Gateway Recalls Faulty Battery PacksBy Scott Ferguson | Print
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The recall affects about 14,000 laptops that were sold with lithium-ion battery packs in a three-month period in 2003.
Gateway announced June 19 that it is voluntarily recalling about 14,000 laptop battery packs that were sold during a three-month period in 2003.
The Irvine, Calif., PC vendor is working with the U.S. CPSC (Consumer Product Safety Commission) and the company will replace the faulty battery packs for free.
The lithium-ion battery packs can overheat and possibly cause a fire, although the internal battery cell is not defective, says Gateway. According to the CPSC, there have been at least four documented incidents of battery packs overheating, which caused minor property damage. There were no reported injuries.
The recalls affects lithium-ion battery packs that were sold with two specific Gateway laptops modelsthe 400VTX and the 450ROGwhich were sold to customers between May and August 2003, according to a statement from the company.
In its statement, Gateway announced that only battery packs with identification numbers 6500760 or 6500761that number should be included on a label on the underside of the battery packare part of the recall.
"Gateway will replace [the] affected battery packs at no cost to the customer," company officials said in the statement. "In the meantime, customers may continue to use their notebook PCs by turning off the system, removing the battery pack, and powering the system via AC adapter and power cord."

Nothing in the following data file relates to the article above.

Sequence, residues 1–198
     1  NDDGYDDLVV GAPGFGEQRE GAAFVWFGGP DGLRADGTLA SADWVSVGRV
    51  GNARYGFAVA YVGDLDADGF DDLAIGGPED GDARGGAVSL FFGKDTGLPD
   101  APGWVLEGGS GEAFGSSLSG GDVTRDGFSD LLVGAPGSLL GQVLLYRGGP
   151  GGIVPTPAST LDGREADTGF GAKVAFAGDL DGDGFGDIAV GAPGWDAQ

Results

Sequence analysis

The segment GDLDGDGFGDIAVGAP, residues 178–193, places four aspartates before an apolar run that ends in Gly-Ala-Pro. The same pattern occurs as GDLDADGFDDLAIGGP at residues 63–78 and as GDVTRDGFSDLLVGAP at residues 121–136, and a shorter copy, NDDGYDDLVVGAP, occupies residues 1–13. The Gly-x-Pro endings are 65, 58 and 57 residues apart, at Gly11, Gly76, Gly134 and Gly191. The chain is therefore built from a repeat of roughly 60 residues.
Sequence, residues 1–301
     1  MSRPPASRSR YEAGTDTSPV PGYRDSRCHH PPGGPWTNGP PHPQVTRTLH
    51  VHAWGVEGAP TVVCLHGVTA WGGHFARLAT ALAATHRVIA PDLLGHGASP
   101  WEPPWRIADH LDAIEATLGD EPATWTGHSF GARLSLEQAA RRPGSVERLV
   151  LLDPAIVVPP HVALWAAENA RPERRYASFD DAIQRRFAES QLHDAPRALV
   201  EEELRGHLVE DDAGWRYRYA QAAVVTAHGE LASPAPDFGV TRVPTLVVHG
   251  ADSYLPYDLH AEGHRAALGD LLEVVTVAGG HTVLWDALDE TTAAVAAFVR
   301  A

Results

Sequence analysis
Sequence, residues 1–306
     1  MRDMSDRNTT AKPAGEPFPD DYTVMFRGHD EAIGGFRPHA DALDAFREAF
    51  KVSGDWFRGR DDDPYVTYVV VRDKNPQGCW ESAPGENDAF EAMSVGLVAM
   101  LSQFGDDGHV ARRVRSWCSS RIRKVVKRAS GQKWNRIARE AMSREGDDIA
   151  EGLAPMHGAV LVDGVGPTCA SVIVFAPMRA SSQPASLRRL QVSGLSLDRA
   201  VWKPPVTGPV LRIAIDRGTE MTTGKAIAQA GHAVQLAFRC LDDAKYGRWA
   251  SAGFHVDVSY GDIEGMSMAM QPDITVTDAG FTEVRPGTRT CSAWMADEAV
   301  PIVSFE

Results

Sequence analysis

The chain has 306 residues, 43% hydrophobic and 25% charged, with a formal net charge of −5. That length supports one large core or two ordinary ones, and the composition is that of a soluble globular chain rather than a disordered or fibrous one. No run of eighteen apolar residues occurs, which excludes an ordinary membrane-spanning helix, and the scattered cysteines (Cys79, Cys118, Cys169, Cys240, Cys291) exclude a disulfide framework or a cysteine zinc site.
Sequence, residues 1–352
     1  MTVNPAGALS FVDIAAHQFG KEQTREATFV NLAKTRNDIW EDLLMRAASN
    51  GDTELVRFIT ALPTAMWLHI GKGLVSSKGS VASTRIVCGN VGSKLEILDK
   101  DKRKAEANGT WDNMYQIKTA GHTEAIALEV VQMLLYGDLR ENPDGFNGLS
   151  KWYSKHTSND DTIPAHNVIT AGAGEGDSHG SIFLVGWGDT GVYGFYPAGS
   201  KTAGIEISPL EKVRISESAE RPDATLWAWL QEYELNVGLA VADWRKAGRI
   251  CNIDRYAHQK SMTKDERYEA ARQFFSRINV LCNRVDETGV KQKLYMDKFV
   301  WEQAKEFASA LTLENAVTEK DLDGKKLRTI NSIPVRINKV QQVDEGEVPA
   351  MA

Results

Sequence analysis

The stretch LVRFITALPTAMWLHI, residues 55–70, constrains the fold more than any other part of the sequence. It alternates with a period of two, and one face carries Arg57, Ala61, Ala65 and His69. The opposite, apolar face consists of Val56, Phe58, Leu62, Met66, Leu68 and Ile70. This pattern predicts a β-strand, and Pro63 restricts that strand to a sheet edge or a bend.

The last significant battery pack recall happened April 25 when Acer announced that it would recall 27,000 Aspire and TravelMate laptops that used faulty Sony lithium-ion battery packs.
The recall of the Sony battery packs began on Aug. 14, 2006, when Dell announced that it would recall more than four million notebooks that used the faulty packs. That recall, which eventually involved several other PC vendors, resulted in some property damage, and there were two cases of people suffering minor burns.
The Sony battery packs problems started when microscopic particles in the battery cells came into contact with other parts of the battery cell, causing a short circuit in the cell.
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